The first case was diagnosed provisionally due to limitations in carrying out histo-pathologic examination. Clinical conditions such as lichen planus, chronic ulcerative stomatitis, lichenoid reaction, pemphigus, cicatricial pemphigoid, and erythema multiformae were considered as differential diagnosis. The presence of chronic infections and endocrine imbalances were ruled out. Of the disease entities, pemphigus manifests intra-orally as a vesiculo bullous lesion mainly involving the soft palate. In case of erythema multiformae, the intra-oral lesions are also vesiculo bullous but the onset is more acute and gingiva is not commonly involved. Oral lesions of erythema multiformae mainly involve the lips and recur with short duration. The erosive form of lichen planus is associated with severe erythema, burning sensation and sensitivity to heat, acid or spicy foods. [1] The patient's medical history and clinical examination were suggestive of lichen planus. Further confirmatory investigations in this regard were not carried out.

In view of the current cases, there may be a possible association in the occurrence of desquamative gingivitis in siblings subject to confirmation by genetic tests. Most diseases included under desquamative gingivitis are auto immune bullous diseases. It has been hypothesized that there is a genetically transmitted susceptibility to these disorders. However, the presence of environmental factors is required for the disease to actually manifest itself. [10] Different forms of desquamative gingivitis such as pemphigoid, lupus erythematosus, linear IgA disease, pemphigus vulgaris have been shown to exhibit a genetic susceptibility. [11],[12]

With regard to the genetic aspect of lichen planus, literature suggests that a possible association exists between inheritance of interleukin 6 (IL-6) and tumor necrosis factor alpha (TNF-a) gene polymorphism and its occurrence. [13] This observation was further strengthened by Huang et al.,[14] who inferred that hereditary factors play a role in the pathogenesis of familial forms of lichen planus.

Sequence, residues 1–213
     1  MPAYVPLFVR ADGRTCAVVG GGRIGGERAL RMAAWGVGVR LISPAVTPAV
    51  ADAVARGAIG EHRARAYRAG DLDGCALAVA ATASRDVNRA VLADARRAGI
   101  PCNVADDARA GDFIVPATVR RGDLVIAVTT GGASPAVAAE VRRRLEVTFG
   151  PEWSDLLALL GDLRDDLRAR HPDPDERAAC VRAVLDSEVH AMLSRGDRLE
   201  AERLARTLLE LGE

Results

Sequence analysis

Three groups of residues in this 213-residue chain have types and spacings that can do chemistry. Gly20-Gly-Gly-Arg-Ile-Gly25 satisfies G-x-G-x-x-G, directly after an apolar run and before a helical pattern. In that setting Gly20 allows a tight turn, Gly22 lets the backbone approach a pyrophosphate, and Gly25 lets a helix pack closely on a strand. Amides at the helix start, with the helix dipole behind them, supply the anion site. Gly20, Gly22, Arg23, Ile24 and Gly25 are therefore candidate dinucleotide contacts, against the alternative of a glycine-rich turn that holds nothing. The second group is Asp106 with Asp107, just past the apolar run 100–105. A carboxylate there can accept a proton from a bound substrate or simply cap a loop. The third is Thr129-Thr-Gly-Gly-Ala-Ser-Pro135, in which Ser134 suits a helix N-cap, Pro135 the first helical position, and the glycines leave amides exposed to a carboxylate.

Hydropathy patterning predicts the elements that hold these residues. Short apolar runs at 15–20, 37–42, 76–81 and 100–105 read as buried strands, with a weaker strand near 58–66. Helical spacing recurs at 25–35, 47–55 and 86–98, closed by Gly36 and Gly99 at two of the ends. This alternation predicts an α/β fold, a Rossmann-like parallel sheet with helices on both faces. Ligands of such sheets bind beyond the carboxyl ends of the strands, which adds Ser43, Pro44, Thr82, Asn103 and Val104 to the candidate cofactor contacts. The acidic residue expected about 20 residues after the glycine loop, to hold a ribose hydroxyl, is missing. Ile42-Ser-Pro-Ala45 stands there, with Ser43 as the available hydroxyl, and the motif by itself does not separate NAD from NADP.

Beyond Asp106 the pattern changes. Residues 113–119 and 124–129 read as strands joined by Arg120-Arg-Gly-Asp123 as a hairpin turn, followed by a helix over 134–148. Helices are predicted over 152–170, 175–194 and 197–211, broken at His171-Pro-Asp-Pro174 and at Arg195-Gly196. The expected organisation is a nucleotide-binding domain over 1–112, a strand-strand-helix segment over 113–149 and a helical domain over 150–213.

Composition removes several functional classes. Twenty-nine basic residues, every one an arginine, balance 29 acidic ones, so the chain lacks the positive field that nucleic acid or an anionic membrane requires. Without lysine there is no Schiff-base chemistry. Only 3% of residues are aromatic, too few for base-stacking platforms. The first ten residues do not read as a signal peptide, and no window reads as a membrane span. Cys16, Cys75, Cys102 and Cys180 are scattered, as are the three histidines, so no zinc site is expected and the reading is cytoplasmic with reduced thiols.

In a recent study, Wang et al.,[15] conducted a genetic linkage analysis in Chinese family members afflicted with severe form of erosive and reticular OLP. They found that chromosome 3p14-3q13 was the candidate gene region for OLP. This finding could pave the way for further studies investigating this genetic link.

Histopathological features

Under routine hematoxylin and eosin stain, hyperparakeratosis or hyperorthokeratosis, saw tooth configuration of the rete pegs, and a dense band-like inflammatory cell infiltrate in the upper lamina propia are seen in a lesion of OLP. The inflammatory cells were shown to be macrophages and T lymphocytes. The degenerating basal keratinocytes and disruption of anchoring elements of epithelial basement weaken the epithelium-connective tissue interface. As a result, histologic clefts called Max Joseph clefts are seen. It has also been suggested that separation of basal lamina and basal cell layer is an early manifestation of lichen planus. [4] Our findings from the histologic examination are in agreement with the above mentioned features.

The degenerating basal keratinocytes are present as colloid/-cytoid/-civatte bodies. These contain fibrin, IgM, C3, C4 and keratin. Additionally, it has been suggested that laminin and fibronectin which are important constituents of basement membrane are absent. This suggests basement membrane damage. [5]

Immunofluorescence

Two types of immunofluorescence methods are usually used:-direct and indirect. Direct immunofluorescence employs monoclonal and polyclonal antibodies conjugated to a fluorescein marker that binds with the bacterial antigen to form a fluorescein immune complex. This complex can be detected under the microscope. On the other hand, indirect immunofluorescence employs a secondary fluorescein conjugated antibody that reacts with primary antigen antibody complex.

For OLP, direct immunofluorescence is positive. Under light microscope examination of the immunofluoresced tissue, fibrinogen, and fibrin are seen to be deposited in a linear pattern along the basement membrane. Indirect immunofluorescence is usually negative.

Treatment

Before instituting treatment, drug therapy and underlying disease should be ruled out. The treatment of choice for erosive form of lichen planus is topical corticosteroids. Intra lesional steroids can be used for indolent lesions, and for severe exacerbation, systemic steroids may be considered for short periods of time. For patients with severe erosions resistant to topical steroids, cyclosporine rinses may be advised. [16] Tacrolimus has recently been used in a topical form and has been reported to be useful. Systemic etretinate, dapsone, or photochemotherapy have also been reported to be effective in severe resistant cases. [17],[18]